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Reality TV? Not so much – but it does really impact young girls
Without question, today’s crop of “reality” TV shows appear to be negatively impacting the behavior and perspectives of young girls who tune in regularly – according to a study released by The Girl Scout Research Institute.
Tim Lilley, 678-990-9032 or
Kevin Wandra, 678-990-9032 or
Bestselling author Teresa Tomeo notes study showing that regular ‘Reality’ viewing promotes bad behavior among young pre-teen and teen girls
SAN FRANCISCO, Oct. 19, 2011 – Maybe the genre should be called “Fantasy TV.” Without question, today’s crop of “reality” TV shows appear to be negatively impacting the behavior and perspectives of young girls who tune in regularly – according to a study released by The Girl Scout Research Institute.
“This recent Girl Scouts Study, ‘Real to Me: Girls and Reality TV,’ is yet another wake-up call for parents everywhere,”
The research firm TRU surveyed a national sample of 1,141 girls ages 11-17. Forty-seven percent identified themselves as regular viewers of reality programming;
“Reality shows promote bad behavior” is a unanimous finding of the study. Other highlights:
• More than 70% of regular viewers spend a lot of time on their appearance, and 38% think a girl’s value is based on how she looks (vs. 28% of non-viewers);
• Almost 30% of regular viewers would rather be recognized for their outer beauty than their inner beauty (vs. 18% of non-viewers);
• Almost 40% of regular viewers believe “you have to lie to get ahead” (vs. 24% of non-viewers)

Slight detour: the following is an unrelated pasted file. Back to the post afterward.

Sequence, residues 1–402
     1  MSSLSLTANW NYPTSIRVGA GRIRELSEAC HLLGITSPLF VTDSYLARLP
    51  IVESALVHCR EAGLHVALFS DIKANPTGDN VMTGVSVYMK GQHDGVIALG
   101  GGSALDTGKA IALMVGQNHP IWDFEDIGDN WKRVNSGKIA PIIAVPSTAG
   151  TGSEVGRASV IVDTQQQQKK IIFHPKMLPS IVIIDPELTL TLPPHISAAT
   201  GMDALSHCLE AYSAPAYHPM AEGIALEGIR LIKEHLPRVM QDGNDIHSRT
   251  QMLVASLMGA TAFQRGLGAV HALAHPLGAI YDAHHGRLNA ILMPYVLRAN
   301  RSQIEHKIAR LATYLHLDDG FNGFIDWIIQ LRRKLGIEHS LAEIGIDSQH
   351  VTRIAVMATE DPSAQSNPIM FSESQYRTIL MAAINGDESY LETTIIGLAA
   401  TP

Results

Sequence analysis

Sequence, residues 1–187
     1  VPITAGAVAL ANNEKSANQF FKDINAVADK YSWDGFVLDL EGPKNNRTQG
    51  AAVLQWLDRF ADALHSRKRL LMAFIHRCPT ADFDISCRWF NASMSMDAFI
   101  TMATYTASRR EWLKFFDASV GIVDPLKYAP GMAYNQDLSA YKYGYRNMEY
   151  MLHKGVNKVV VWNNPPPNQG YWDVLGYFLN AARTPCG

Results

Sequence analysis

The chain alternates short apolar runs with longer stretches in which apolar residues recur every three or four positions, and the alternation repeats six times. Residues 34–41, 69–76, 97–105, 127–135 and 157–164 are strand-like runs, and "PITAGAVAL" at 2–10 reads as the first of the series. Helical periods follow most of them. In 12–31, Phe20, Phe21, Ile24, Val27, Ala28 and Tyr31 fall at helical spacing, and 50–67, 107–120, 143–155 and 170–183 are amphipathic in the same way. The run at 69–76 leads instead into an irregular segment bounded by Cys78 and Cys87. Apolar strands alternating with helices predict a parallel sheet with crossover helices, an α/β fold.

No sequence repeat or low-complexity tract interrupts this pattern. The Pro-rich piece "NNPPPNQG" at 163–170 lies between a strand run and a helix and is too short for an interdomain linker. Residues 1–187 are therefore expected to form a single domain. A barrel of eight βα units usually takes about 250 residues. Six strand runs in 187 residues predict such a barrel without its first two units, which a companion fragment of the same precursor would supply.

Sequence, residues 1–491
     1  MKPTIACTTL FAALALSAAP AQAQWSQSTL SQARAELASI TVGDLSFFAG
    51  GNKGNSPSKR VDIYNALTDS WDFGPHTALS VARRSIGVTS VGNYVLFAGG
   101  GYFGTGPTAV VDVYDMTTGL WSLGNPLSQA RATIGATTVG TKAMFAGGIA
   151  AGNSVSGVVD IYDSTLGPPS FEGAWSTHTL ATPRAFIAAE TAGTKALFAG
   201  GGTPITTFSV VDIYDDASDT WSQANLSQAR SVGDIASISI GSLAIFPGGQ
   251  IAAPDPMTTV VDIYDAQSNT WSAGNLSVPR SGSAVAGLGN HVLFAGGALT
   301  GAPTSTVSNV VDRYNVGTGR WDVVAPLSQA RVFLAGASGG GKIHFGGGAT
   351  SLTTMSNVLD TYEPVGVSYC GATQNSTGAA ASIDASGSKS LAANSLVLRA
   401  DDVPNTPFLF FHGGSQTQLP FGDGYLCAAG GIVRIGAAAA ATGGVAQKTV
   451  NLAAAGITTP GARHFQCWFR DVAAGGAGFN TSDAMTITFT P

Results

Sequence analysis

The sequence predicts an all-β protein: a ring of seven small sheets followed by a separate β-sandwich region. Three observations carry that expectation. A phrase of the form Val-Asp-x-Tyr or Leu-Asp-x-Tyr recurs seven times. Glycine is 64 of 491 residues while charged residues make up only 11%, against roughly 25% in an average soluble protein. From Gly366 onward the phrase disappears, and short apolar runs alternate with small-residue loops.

“Adults, at least for the most part, are savvy enough to realize that ‘reality’ TV is anything but real life” Tomeo said. “The genre gains viewers by sensationalizing and dramatizing every day activities and providing a shock value.
“It’s different for impressionable children who can’t distinguish between fact and fiction,” she added. “This study shows that girls are particularly impressionable as those who watch Reality TV regularly readily see the antics often highlighted on these shows such as fighting, gossiping, and in general treating people badly, as perfectly normal and acceptable. This means parents and guardians should get serious about setting media guidelines for young people and sticking to them.”
Tomeo challenges women in EXTREME MAKEOVER to shed the messages and toxic images like those in reality programs, and instead embrace the truth about their human dignity.
To schedule an interview with Tomeo and/or to request a review copy of EXTREME MAKEOVER, contact Tim Lilley (TLilley@MaximusMG.com)